Writing the body

I think what interests me about Hélène Cixous’ Laugh of the Medusa isn’t the heavily feminist viewpoint bashing the male oppressor, the “phallocentric” society, the “imbecilic capitalist machinery” that she is so passionate about breaking down – I’m interested in my own experiences in my own body. I’m interested in my guilt, my desires, my needs, my insecurities, my sexuality, my breath, my blood, tongue, nails, hair. I’m interested in the ghosts and what they say about me, about my history, my future. I’m interested in things women aren’t supposed to talk about – our outbursts, our “luminous torrents,” our floods and passions and emotions that we ourselves view as a “shameful sickness.”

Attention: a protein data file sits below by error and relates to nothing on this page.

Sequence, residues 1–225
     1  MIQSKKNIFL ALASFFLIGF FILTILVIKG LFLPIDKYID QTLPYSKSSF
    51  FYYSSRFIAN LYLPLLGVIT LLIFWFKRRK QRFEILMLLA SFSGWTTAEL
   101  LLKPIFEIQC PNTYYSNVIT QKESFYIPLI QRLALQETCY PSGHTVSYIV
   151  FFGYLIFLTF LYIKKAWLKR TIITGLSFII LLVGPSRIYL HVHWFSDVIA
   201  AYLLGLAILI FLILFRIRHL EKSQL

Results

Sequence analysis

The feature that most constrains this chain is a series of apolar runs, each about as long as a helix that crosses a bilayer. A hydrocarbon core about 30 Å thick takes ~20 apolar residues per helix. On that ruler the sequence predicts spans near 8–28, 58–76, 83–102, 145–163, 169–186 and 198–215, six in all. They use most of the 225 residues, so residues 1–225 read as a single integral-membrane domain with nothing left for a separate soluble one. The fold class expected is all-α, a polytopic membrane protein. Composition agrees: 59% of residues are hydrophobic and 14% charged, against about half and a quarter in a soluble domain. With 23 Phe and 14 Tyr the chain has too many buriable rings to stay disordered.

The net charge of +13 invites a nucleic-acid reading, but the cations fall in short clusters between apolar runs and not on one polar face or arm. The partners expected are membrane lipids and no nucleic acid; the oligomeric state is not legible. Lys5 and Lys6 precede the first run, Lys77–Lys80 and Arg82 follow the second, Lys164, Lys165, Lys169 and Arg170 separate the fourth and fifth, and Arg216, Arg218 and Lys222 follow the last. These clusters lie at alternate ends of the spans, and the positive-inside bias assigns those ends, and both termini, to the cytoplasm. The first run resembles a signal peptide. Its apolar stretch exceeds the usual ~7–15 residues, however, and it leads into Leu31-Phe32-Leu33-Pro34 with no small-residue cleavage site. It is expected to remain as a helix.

Was I raised to be steady and composed? Did I learn I needed to be steady and composed? Did the Bertha’s, the Medusa’s, the Wicked Witches of the West shape me to view emotional, dark women as the crazies of the world?
Perhaps in a way, there is a need to break down some societal wall, but my desire to do so stems from understanding. I want to understand myself. The darkness and the light. I want to understand why a woman’s worst enemy is often herself.

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